A juggling act
Guilty. That’s what I felt. Guilty for being so excited to leave the ranch and head to college. Guilty for leaving behind all of the chores and jobs that didn’t get done over the summer. There was so much to do, and weaning was only a couple of months away. Manure needed to be hauled, the barns needed to be painted, fences needed to be fixed and the show calves still needed to be worked on before the state fair. Yet, I was going to be an hour and a half away from home at school.
I had always dreamed of being a Jackrabbit. Blue and gold ran through my veins as both of my parents, many of my cousins and even my grandpa had attended school in Brookings, SD. I was excited to meet new friends and get away from my dusty, old town. I was excited to be on my own, without a curfew, going to classes that I chose myself and preparing for my future. I couldn’t pack my bags fast enough. I was ready to have a roommate and buy shiny new textbooks and walk the paths through campus.
Yet, I was the oldest daughter of three, leaving home to tread uncertain waters. I wasn’t sure where my career path would lead me, and I was doubtful that I had a place back at home at the ranch. However, I was positive that my heart was in the agriculture industry, and I knew it was because of my upbringing on a cattle ranch.
I moved into Hansen Hall, the aggie dorm that was known to have cowboys practicing their roping skills in the front yard and farm trucks that filled up the back parking lot. And, while my new friends in other dorms were able to stay each weekend to hang out with their friends and go to football games, I quickly noticed my cohorts in Hansen Hall cleared out on Friday afternoons as soon as classes were done for the day to help at home. Many would even stay until early Monday morning, so as to reap a few extra hours of work on the ranch.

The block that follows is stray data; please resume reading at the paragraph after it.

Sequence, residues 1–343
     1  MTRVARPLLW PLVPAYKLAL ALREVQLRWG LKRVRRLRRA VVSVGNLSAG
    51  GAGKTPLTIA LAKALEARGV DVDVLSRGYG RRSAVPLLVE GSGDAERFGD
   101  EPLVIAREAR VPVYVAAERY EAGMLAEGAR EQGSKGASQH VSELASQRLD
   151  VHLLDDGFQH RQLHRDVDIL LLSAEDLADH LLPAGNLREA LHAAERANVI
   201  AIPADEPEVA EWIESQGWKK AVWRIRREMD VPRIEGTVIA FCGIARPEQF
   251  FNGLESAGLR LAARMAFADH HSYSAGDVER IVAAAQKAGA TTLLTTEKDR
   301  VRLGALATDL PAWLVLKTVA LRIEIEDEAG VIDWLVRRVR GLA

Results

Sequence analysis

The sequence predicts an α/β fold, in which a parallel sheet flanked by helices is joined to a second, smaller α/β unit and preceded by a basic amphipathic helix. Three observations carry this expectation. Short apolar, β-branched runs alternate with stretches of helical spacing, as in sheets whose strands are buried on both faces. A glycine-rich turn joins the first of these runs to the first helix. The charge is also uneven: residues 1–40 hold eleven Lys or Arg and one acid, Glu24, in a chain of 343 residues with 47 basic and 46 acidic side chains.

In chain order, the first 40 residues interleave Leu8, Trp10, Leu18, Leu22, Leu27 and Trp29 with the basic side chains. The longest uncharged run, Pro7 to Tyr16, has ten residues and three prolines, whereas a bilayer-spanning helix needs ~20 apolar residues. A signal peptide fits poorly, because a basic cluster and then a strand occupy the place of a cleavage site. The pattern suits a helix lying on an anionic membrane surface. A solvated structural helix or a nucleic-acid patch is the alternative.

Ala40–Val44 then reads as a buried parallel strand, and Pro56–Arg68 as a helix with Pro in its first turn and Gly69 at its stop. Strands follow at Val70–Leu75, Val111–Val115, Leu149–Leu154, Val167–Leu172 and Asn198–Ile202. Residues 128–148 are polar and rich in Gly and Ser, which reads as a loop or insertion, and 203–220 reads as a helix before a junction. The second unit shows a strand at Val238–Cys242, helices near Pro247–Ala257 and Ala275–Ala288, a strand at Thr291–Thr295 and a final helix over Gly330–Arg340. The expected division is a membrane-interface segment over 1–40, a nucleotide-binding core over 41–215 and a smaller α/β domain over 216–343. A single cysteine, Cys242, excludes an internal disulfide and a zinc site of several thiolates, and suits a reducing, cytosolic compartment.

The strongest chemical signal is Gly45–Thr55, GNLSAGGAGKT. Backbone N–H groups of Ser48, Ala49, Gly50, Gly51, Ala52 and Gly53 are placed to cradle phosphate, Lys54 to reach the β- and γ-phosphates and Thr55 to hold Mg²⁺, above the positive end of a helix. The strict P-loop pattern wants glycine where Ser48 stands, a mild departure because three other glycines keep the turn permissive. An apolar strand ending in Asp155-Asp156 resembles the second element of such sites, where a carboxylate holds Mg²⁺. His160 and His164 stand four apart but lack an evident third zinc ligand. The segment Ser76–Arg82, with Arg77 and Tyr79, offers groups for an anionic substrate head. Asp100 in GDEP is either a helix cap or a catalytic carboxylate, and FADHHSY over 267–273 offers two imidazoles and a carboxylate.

I soon developed that routine, as well. Heading home on most weekends to help out with weaning, preg checking, calving, bull sales and shows kept me busy throughout the school months. And, although many of my country classmates weren’t planning on staying in production agriculture after graduation, it surprised me how many still went home to help on the farm.
Did I feel like I was missing out on things at school? Definitely. Did I feel like I wasn’t doing enough at home? Of, course. Yet, I wouldn’t have changed a thing. For farm kids, it’s truly a juggling act to combine a four-year degree with responsibilities on the farm. Now that I’m graduated, I have realized that this balance was a good practice for my current career as a freelance writer and speaker along with my concentration on beef production at my family’s purebred Limousin operation. My juggling act has now changed between my communications work and my cattle chores, but I wouldn’t have it any other way.
As young farmers and ranchers head back to school, it’s a time for change, balance and growth. College is a place for young people to explore their passions and to realize the importance of who they are and where they come from. As for me, I’ll forever look back on my school days with fondness. I’ll always remember those days of peeling out of the parking lot to get home in time to move cattle, and I’ll never forget speeding back to Brookings to get back to the fun times of those ever-important college years.
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Western legislators led by Reps. Suzan DelBene, D-Wash., and Dan Newhouse, R-Wash., wrote to Agriculture Secretary Tom Vilsack on Tuesday, urging USDA to provide additional relief to farmers and ranchers impacted by historic drought.